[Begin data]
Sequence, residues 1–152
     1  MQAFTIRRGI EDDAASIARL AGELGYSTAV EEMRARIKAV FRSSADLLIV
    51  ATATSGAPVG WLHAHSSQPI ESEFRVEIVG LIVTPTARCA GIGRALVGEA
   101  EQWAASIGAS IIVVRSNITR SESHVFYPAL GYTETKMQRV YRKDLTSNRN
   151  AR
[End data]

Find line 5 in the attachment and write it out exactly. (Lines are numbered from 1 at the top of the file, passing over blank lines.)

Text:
   151  AR